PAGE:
Don't Touch That Dial
|"Don't Touch That Dial"|
|WandaVision 03 episode|
|Episode no.||Episode 2|
|Directed by||Matt Shakman|
|Written by||Gretchen Enders|
|Produced by||Jac Schaeffer|
|Featured music||"Help Me, Rhonda"|
by The Beach Boys
|Cinematography by||Jess Hall|
|Editing by||Zene Baker|
|Original release date||January 15, 2021 (2021-01-15)|
|Running time||37 minutes|
"Don't Touch That Dial" is the second episode of the American television miniseries WandaVision, based on Marvel Comics featuring the characters Wanda Maximoff / Scarlet Witch and Vision. It follows the couple as they try to conceal their powers while living an idyllic suburban life in the town of Westview, New Jersey. The episode is set in the Marvel Cinematic Universe (MCU), sharing continuity with the films of the franchise. It was written by Gretchen Enders and directed by Matt Shakman.
Paul Bettany and Elizabeth Olsen reprise their respective roles as Vision and Wanda Maximoff from the film series, with Teyonah Parris, Debra Jo Rupp, and Kathryn Hahn also starring. Development began by October 2018, and Shakman joined in August 2019. The episode pays homage to sitcoms of the 1960s, particularly Bewitched, including an animated opening sequence in the Hanna-Barbera-style of that series' own intro. Filming took place at Pinewood Atlanta Studios in Atlanta, Georgia, and in Los Angeles, mostly in black-and-white but the episode transitions to color at the end; this was done with visual effects that were designed to look like 1960s optical printer technology had been used.
"Don't Touch That Dial" was released on the streaming service Disney+ on January 15, 2021. Critics praised the performances of Olsen and Bettany, particularly their physical comedy, and found the episode enjoyable, but some criticized the lack of overall plot developments. It received several accolades, including two Primetime Emmy Award nominations.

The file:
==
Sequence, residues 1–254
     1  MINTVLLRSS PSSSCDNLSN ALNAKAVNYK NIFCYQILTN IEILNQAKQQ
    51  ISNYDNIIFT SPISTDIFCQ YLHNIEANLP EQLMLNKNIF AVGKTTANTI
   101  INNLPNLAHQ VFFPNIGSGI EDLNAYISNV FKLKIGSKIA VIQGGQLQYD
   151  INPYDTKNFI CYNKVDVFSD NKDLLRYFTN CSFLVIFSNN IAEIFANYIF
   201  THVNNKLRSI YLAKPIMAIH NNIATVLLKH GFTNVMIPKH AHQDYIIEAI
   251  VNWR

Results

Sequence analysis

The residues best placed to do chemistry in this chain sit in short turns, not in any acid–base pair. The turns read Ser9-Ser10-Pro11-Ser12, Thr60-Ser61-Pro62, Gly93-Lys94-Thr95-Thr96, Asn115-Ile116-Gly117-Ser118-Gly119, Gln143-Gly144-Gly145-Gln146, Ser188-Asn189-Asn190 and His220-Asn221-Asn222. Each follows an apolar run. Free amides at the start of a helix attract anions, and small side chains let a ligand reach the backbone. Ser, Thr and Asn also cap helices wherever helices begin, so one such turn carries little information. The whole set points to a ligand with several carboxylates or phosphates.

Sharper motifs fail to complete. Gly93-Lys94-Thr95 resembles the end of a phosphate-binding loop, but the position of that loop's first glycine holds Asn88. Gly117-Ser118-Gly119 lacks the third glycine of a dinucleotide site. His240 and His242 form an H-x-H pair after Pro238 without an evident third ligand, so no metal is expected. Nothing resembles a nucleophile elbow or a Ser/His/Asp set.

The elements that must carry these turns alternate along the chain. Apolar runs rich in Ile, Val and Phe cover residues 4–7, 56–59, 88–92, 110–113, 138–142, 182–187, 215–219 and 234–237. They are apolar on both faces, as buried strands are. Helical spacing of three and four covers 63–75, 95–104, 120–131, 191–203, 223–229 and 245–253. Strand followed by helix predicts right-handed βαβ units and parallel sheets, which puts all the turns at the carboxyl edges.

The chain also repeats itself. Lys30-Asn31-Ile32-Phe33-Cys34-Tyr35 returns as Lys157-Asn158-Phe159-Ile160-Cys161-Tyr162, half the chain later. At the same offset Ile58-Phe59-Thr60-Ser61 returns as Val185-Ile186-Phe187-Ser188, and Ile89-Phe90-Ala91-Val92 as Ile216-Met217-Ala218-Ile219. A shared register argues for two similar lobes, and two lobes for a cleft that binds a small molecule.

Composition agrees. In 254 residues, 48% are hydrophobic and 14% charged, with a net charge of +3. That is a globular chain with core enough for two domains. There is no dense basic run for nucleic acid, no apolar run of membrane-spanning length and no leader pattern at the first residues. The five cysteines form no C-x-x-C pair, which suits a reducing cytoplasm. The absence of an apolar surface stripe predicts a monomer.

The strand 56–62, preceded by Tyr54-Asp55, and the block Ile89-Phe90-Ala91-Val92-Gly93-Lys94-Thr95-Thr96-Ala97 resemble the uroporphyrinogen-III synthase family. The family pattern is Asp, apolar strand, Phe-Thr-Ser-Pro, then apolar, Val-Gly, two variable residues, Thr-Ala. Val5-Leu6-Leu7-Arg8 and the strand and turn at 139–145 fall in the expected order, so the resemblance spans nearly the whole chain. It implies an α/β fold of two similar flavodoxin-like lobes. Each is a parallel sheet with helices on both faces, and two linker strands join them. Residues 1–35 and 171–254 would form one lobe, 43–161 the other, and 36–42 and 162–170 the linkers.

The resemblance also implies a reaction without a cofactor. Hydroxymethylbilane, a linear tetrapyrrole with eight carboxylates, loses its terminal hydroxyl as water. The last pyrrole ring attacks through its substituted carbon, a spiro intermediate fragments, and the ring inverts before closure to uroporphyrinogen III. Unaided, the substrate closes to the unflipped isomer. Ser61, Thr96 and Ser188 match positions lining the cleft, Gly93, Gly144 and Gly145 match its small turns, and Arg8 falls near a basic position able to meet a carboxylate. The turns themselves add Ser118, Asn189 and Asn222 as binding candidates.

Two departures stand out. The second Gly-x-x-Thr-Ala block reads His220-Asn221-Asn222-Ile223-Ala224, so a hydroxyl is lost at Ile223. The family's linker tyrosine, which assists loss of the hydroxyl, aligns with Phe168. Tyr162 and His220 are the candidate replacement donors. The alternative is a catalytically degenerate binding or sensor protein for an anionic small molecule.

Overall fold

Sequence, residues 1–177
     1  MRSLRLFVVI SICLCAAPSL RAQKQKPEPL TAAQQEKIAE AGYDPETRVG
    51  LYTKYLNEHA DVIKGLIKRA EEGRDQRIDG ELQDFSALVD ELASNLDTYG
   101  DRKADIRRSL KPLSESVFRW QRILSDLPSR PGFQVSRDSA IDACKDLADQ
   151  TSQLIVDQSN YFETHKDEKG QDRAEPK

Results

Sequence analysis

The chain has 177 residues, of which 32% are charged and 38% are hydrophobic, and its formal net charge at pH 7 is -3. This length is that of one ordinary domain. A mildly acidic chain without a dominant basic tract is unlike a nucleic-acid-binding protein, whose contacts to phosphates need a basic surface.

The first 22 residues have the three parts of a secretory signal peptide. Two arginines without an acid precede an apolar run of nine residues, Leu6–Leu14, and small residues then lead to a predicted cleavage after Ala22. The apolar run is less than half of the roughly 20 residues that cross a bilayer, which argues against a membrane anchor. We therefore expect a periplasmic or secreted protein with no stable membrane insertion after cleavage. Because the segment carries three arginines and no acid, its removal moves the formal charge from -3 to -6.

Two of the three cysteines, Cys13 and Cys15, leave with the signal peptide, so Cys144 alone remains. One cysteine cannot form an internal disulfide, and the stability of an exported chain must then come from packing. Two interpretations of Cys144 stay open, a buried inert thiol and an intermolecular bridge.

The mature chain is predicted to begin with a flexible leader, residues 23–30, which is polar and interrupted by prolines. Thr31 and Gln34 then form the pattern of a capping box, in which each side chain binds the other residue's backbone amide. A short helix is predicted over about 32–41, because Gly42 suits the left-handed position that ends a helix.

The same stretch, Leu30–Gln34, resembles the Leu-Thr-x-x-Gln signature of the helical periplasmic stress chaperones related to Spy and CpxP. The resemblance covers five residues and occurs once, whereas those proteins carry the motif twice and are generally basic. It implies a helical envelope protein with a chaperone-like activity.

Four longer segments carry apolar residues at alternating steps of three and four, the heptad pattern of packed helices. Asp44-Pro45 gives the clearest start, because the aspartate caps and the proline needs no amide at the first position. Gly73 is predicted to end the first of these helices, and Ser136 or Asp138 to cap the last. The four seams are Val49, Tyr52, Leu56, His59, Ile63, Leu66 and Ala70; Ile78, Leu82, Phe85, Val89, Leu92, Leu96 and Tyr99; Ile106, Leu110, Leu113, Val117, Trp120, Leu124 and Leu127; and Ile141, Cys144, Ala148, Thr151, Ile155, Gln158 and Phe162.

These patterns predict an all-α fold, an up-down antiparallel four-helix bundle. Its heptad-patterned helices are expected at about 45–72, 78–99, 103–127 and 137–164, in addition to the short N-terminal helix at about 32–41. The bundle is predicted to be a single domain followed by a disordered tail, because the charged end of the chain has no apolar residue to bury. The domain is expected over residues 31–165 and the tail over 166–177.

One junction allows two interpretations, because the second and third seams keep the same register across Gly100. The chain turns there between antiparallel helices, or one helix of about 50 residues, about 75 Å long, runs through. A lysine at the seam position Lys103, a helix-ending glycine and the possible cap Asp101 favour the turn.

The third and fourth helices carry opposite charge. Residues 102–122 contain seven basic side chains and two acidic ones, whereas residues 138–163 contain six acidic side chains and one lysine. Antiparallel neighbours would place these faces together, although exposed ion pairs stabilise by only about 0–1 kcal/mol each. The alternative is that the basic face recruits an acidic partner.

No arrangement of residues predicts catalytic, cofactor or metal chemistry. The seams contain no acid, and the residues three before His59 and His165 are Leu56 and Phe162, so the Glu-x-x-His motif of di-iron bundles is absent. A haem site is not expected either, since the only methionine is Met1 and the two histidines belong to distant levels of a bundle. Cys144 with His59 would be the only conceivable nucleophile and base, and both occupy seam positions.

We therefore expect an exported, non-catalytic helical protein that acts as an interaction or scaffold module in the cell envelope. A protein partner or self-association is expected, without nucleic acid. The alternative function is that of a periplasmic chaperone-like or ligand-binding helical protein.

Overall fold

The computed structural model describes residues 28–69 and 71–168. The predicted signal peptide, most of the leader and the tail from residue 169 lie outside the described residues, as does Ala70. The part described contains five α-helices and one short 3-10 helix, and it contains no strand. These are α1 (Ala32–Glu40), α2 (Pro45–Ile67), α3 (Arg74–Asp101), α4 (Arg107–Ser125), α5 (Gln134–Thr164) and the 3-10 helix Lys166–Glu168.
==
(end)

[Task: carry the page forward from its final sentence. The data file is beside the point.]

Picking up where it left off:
In a black-and-white 1960s setting, Wanda Maximoff and Vision hear strange noises outside their house. The next day, they prepare their magician act for a neighborhood talent show to help them fit in with the neighbors, before Vision attends the neighborhood watch meeting with the male neighbors. Maximoff sees a colorful toy helicopter outside the house, but is distracted by Agnes, who invites her to a women's gathering hosted by Dottie Jones, the snooty leader of the neighborhood. There, Maximoff befriends Geraldine.
The men in the neighborhood watch meeting welcome Vision, who accidentally swallows a piece of gum that is offered to him. Vision's android system is unable to digest the gum, and it causes him to become "intoxicated". Maximoff speaks with Dottie after the gathering, and a voice calls out to her through a radio asking her who is responsible for causing her situation.[a] Once again, she is distracted as Dottie asks who she is before the radio breaks and Dottie's glass shatters. She bleeds in color but quickly ignores this event.